When you drive along Mountain Pass Road in suburban Sabre Springs and you go by the two-story van Dam house, it’s difficult to believe that a few minutes before 8:30 on Friday night, February 1, 2002, 39-year-old Brenda van Dam was standing out in the garage attached to this home and lighting up a joint. It’s difficult to believe because these Mountain Pass Road houses seem like houses you live in if you are churchgoing, straight-arrow, family-values Republican respectable.
Having fed takeout pizza to her 36-year-old husband, Damon, a Qualcomm software engineer, and their three children — 5-year-old Dylan, 7-year-old Danielle, and 10-year-old Derrick — Brenda was sharing the doobie with her friends Denise Kemal and Barbara Easton.
So what do you do when you’re stoned in a garage in Sabre Springs on a Friday night? You go somewhere else. Maybe a place where there is music and dancing, vodka and tequila, and spinning, stuttering colored lights.When you look around Dad’s Café and Steakhouse at 8:30 on a summer Friday evening, you can hardly believe this is the place where Brenda van Dam allegedly asked Cherokee Youngs, “Do you like girls?” You can hardly believe you might be sitting on a barstool where Brenda van Dam sat when she said, in reference to a couple whose names she didn’t know, “I wouldn’t mind taking these two home.”
Dad’s has the air of a landlocked beach bar. It is a big restaurant divided into rooms for dining, dancing, pool, pinball, and video games. You find fewer windows here than at a Denny’s or a Coco’s, but more windows than in what you would call a dive bar. It is less harshly lit than those places, but as with them, you can get breakfast anytime. You’ll find pictures of ballplayers like Babe Ruth on the walls, and you might find kids dining with their parents as late as 9:30 in the evening in one of the alcoves.
It’s like a much larger version of Saska’s in Mission Beach, without the salt air. It’s the kind of bar where you’d have a drink during the day. Hardly an opium den. Not necessarily a staging area for pornographic activities. But sure, why not? It is no sleazier than a Black Angus and way less so than a Bully’s or the Butcher Shop. The atmosphere has a kind of twilight TGIF vibe; but it certainly seems no more likely to inspire the kidnapping and murder of a child than any other playground with a liquor license.
Anyone who’s recently read the newspapers, listened to the radio, or watched television knows about Dad’s, the Poway eatery and watering hole at 12735 Poway Road, where Brenda van Dam may or may not have lasciviously rubbed her hipbones and good-sized bosom against 50-year-old design engineer David Westerfield’s hulking frame. Dirty dancing is how it was described in the San Diego courtroom where California vs. Westerfield is now in its last days. Westerfield is alleged to have kidnapped and murdered the van Dams’ second-grader, Danielle. He is alleged to have committed these heinous deeds only hours after Brenda van Dam is described in court as “having her tail feathers up” and “acting frisky” and “acting huggy-huggy” on the dance floor at Dad’s.
From the June 7 Union-Tribune: “A day after he grilled Damon van Dam about the couple’s sexual and marijuana habits, [defense attorney Steven] Feldman did the same with Brenda van Dam, asking whether she had sex with her friends Barbara Easton and Denise Kemal and their husbands. She acknowledged that she had. She later admitted that she and her husband had sex with Kemal and Kemal’s husband, Andy, during a Halloween party in October 2000.”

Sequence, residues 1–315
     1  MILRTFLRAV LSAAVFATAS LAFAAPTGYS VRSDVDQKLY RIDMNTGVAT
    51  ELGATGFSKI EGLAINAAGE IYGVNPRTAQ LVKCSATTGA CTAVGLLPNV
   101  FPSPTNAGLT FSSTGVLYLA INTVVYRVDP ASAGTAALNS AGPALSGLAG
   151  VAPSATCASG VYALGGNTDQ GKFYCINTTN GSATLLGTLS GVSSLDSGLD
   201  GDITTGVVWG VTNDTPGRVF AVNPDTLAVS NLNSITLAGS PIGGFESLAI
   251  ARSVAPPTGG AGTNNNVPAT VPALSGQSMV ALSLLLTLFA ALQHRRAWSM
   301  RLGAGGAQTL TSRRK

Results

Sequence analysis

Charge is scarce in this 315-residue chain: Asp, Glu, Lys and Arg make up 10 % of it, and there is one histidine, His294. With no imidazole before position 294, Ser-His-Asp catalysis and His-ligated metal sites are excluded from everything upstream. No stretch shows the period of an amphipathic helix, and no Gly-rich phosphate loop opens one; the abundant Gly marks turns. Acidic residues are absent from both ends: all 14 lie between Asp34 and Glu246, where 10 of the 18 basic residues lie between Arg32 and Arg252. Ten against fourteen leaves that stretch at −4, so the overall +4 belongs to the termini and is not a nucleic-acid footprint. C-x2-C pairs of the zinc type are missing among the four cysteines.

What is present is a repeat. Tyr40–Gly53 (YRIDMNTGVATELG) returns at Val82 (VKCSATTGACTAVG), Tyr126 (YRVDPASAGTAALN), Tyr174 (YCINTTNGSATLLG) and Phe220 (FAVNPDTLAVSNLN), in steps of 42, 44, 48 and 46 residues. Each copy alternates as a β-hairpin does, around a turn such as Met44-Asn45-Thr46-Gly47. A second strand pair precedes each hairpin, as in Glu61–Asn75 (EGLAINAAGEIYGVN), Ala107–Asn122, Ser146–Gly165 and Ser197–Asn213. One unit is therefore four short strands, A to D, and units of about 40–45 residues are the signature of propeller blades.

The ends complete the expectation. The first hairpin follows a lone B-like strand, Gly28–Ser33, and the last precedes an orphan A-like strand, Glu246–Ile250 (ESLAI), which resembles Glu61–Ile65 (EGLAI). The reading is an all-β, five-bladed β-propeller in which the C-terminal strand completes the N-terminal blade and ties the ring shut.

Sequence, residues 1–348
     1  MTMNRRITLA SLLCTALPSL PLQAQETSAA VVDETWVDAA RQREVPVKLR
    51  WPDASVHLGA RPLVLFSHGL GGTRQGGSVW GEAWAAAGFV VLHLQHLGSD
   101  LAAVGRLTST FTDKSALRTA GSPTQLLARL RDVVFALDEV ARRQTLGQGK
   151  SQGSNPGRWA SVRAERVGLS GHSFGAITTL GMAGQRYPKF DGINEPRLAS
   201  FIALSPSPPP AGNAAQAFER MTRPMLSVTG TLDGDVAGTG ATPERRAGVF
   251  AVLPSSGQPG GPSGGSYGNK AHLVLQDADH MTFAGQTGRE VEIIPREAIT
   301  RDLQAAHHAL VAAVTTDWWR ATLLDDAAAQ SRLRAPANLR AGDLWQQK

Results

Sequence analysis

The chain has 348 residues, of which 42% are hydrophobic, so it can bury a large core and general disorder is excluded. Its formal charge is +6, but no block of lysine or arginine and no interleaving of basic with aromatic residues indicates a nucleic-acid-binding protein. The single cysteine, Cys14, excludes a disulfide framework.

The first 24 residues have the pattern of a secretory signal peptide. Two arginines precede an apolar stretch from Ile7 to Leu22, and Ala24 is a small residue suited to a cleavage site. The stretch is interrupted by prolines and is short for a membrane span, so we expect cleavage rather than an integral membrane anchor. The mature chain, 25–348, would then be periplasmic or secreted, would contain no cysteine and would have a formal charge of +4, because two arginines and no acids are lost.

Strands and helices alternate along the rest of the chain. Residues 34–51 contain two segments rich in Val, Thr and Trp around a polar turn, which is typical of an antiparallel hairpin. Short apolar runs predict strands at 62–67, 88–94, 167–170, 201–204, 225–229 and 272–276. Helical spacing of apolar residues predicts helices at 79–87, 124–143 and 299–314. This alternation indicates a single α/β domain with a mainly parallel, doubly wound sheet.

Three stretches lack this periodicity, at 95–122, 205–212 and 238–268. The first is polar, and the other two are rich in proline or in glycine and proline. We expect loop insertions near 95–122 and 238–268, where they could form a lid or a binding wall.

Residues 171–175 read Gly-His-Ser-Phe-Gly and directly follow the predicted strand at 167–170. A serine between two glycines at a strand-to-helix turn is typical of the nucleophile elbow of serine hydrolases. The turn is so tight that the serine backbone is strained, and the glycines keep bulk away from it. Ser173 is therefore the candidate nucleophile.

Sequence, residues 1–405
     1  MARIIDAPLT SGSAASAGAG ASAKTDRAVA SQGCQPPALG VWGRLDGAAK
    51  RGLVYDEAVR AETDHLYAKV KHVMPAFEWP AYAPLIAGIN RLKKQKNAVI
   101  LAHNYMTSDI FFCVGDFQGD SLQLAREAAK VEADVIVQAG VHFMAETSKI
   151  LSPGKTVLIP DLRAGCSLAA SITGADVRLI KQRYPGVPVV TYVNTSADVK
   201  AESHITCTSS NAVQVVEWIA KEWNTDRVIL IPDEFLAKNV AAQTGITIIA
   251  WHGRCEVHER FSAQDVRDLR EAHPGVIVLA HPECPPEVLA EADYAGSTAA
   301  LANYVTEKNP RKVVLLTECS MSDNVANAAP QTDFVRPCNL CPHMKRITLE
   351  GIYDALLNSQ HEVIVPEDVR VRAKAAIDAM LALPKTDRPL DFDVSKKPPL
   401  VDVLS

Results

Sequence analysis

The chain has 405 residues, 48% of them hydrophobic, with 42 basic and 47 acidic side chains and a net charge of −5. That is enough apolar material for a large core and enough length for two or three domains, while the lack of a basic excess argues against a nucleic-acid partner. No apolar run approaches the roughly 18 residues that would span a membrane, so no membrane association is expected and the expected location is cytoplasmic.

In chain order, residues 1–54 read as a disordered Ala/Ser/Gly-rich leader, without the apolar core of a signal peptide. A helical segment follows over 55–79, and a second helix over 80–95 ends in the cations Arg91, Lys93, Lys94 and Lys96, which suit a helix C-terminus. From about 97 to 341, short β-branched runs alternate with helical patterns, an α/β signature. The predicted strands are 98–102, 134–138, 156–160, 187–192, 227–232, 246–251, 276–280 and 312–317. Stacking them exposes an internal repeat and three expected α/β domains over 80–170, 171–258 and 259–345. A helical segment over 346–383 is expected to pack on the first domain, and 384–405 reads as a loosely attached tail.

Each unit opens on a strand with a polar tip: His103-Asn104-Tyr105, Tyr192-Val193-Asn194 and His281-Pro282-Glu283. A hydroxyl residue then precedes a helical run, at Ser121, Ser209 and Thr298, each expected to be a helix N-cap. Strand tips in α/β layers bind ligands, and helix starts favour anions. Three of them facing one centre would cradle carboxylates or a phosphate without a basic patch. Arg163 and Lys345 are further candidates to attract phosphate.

But at 8:30 on this Friday evening at Dad’s, as smokers hunker over the seven tables in the glass-walled smoking section and moms and dads and kids linger over the cheesecake and hot-fudge brownie sundae in the red-cushioned banquettes and booths of the main room, it’s hard to imagine any of this. Folks are dressed in summertime gear: shorts and T-shirts, sandals, baseball hats. At one of the two pool tables, two guys in jeans and work boots lazily rack up the balls.
The dance floor — a 10-by 10-foot linoleum-covered area — waits empty. The floor is bordered by six tables and a bar ledge where, before the sun’s even gone down, three women in their 40s, wearing shorts and shirts, chat quietly with one another. Bob Seger’s “Night Moves” followed by Billy Idol’s remake of “Mony Mony” play in the background.
Across from the dance floor, a small bar hugged by a dozen stools makes an L. In the far corner stand more tables. Men in jeans and T-shirts, some older and balding, some young with enough hair to gather into ponytails, all looking somewhat bored and somewhat weary, tip back beers and watch ball games on TV monitors that are set in every corner. Along another wall are more booths and a door that leads to the kitchen. Waitresses will swing in and out of this door all night.
Dad’s Café bar manager Sean Brown, 32, has worked here for four years. He testified in California vs. Westerfield. He was at the bar on that Friday night of February 1, when the balding Westerfield, Brenda van Dam, Barbara Easton, and Denise Kemal were downing Cape Codders, playing pool, flirting with women and men, and walking out to the parking lot to Brenda van Dam’s SUV to toke a few joints.
“Dad’s,” says Mr. Brown, “has been here for one year and five months. Dad is Pat Lipe, the owner. I will be part owner in ten days. It got the name because Pat wanted a family-oriented place in Poway, and Dad’s is a conservative name you can trust, and it’s a conservative place. There isn’t a Mom’s yet. Before this it was Poway Grill and Spirits for a year, and then it was Comiskey Park for probably about seven, eight years. Dad doesn’t bartend. He’s more on the restaurant side, he knows the food.